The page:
Several people have asked how and why I became Catholic. Sometimes I try to tell them in under five minutes, and other times I've tried to tell the story over coffee. I've never been able to tell it quite right either way. The one time that I came close to telling it well, and by that I mean exploring the different themes and reasons for my conversion, I told it in article form on onerock.com. That attempt is lost to the depths of the internet, and I have lost my electronic copy of it along the way. Since some have asked and because I am still sorting out many of the details of the last decade of my life, I am going to give it another shot.
The first problem that I ran into in the telling of my conversion story is that it is seemingly a story without a beginning. When did the first influences arrive? How did they take hold? Where were the earliest seeds planted, and when did they start to show fruit. Anyone that can track down each of those threads has an amazing memory and possibly quite a bit of creative personal history. I can't claim the amazing memory, but sometimes my history gets pretty creative.
I opened the door of St. Michael the Archangel Roman Catholic Church unsure of what I would find. I had never been inside of a Catholic church by myself before, and my only other experience with Catholic churches came in fifth grade when I toured the Shrine of the Immaculate Conception in Washington, D.C., as a fifth grader.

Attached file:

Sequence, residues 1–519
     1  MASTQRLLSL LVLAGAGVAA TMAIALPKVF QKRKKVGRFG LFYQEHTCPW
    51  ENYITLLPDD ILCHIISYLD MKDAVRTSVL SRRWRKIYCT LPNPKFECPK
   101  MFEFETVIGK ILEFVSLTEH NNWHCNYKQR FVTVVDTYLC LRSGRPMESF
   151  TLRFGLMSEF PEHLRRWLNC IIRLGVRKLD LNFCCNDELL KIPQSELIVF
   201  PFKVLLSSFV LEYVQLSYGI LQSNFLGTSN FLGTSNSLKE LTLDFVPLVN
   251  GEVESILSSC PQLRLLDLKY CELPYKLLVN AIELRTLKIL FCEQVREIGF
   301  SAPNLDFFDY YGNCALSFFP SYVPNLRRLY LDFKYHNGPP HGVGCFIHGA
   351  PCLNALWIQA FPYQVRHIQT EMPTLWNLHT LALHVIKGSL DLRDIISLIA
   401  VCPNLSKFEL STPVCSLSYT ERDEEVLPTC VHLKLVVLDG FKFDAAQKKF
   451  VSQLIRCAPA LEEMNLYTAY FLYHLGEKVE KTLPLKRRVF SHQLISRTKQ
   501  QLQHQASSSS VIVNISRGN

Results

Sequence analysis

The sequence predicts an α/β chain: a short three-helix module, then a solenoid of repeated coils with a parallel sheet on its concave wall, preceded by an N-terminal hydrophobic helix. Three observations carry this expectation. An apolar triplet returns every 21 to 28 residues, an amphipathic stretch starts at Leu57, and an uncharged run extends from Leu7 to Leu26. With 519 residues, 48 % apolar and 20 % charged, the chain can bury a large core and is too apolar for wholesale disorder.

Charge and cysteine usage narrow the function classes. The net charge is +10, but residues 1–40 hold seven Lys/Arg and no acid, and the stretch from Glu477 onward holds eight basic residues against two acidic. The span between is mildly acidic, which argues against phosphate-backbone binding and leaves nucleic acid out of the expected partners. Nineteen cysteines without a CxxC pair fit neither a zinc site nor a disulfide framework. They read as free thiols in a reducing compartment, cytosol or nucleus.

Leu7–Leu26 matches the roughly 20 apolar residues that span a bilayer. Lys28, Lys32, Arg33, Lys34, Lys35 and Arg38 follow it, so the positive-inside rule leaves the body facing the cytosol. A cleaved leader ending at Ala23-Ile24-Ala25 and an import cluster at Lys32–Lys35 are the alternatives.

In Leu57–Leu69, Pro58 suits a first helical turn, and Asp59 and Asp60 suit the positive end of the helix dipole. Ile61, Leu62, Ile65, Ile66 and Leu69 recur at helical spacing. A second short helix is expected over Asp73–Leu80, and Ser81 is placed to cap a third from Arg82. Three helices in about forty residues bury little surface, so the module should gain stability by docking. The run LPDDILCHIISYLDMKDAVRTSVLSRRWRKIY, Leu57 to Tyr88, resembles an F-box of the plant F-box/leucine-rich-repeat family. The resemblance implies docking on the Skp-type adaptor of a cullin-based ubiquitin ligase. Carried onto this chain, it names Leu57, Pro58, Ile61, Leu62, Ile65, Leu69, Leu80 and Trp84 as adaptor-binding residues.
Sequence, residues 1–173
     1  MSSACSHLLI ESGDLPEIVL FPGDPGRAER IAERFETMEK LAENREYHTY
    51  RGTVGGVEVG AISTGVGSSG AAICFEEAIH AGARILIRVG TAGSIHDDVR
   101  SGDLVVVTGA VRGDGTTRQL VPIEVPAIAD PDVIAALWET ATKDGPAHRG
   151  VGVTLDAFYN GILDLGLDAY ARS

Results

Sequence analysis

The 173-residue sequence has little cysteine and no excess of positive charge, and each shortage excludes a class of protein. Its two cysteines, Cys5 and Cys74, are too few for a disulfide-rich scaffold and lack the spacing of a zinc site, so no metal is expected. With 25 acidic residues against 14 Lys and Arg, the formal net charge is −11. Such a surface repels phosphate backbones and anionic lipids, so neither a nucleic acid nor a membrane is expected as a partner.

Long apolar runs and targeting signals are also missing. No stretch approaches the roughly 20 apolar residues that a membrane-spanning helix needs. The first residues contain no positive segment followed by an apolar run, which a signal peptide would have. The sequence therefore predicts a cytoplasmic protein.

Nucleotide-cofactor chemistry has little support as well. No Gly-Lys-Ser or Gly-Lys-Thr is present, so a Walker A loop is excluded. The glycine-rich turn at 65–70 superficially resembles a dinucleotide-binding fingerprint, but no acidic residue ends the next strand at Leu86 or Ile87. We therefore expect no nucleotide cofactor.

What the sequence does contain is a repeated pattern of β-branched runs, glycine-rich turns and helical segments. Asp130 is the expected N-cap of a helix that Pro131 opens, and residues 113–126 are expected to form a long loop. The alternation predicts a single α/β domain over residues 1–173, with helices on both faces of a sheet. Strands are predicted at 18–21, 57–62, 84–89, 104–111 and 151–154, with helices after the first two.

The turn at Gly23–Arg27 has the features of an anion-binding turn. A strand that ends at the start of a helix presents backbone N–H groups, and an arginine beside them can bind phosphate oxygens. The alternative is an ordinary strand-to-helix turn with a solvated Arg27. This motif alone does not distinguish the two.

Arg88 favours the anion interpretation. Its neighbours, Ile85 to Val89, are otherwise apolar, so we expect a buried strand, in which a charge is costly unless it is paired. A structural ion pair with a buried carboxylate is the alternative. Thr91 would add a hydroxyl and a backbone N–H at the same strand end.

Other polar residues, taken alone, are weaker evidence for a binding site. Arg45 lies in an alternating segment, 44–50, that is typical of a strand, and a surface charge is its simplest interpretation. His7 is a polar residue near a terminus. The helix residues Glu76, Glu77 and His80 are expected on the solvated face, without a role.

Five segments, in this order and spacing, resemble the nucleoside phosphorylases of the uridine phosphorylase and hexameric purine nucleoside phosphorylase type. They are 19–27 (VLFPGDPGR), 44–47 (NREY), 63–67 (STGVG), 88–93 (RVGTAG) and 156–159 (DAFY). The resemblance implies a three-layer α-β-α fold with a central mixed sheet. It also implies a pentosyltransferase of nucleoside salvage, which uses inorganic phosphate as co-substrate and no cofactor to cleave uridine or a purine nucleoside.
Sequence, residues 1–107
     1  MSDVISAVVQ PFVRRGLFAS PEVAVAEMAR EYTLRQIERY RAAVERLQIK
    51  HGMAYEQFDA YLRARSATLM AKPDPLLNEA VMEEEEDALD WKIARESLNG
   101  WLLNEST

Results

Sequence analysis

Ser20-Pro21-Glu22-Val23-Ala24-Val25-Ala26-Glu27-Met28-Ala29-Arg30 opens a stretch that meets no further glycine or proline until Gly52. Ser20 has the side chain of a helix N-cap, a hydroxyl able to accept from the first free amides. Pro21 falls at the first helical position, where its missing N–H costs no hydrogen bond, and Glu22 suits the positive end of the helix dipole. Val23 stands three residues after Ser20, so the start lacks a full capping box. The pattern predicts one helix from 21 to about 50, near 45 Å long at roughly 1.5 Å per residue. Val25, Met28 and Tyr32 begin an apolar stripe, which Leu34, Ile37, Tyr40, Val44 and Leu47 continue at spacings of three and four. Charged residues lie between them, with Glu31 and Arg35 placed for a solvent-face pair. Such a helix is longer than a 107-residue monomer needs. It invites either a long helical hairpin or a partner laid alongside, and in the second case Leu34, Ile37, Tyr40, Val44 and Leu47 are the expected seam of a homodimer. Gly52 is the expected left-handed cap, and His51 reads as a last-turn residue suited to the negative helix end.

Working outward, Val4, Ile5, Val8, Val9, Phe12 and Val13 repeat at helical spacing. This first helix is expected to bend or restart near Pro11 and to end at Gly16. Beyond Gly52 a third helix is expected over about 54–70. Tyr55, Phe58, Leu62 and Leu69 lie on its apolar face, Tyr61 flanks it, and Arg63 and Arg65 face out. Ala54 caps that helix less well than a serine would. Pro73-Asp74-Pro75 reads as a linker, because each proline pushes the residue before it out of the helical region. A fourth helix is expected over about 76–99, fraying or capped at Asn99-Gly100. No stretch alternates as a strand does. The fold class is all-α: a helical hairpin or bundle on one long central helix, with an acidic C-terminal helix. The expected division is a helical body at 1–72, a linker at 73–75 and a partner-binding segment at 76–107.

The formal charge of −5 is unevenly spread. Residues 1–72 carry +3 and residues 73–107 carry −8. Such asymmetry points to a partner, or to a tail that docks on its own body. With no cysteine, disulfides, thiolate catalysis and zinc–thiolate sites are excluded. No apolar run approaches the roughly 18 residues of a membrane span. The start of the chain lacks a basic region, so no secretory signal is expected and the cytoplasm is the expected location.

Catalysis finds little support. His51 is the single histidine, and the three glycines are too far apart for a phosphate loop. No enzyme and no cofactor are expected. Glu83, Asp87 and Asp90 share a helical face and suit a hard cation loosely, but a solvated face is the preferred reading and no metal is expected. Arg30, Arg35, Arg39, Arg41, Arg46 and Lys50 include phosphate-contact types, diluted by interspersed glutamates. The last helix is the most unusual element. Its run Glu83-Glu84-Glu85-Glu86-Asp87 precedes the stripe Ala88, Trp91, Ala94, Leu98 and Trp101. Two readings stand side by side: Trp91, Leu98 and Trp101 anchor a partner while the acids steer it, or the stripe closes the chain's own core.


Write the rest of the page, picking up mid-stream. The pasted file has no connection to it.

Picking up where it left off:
I remember walking around the Shrine in awe with my head tilted back almost constantly looking at the vaulted ceilings and the incredible stained-glass windows. Ms. Chancey, the chaperone, spent the entire tour poised with one hand on my shoulder ensuring that I would not walk into other students or walls while my attention was diverted to the many new and amazing things that I had never seen before. What caught my attention the most was the baptismal font. I couldn't understand for the life of me how someone could fit in something that small for a baptism.
I stepped through the door of St. Mike's and stood in the corner of the dimly lit narthex while my eyes adjusted from the sunlight. I felt as if I had a tattoo in the center of my forehead in bright neon letters that flashed “Protestant.” I failed to take into account several things. First of all, my forehead is not nearly that large. I may have been able to fit "PROT" on there with ease, but never a word that long. Secondly and more importantly, tattoos are seldom neon and never flash.
When my eyes finally adjusted to the lighting in the church, I found something starkly different from what I had expected. There were no confessionals within sight for the penitent, nor were there high stone walls of Gothic architecture with brown-robed monks chanting in Latin. Apart from a few items of interest, St. Mike’s was very similar to most of the Protestant churches I had seen.
I walked through the narthex feeling very much like an alien in a foreign land, even though for the moment I was very much alone. I found my way to the parish office and when I asked about converting, I was sent to the office of Religious Education. I sat for a while in the office of the DRE (Director of Religious Education), explaining where I had come from concerning my faith and why I wanted to become Catholic.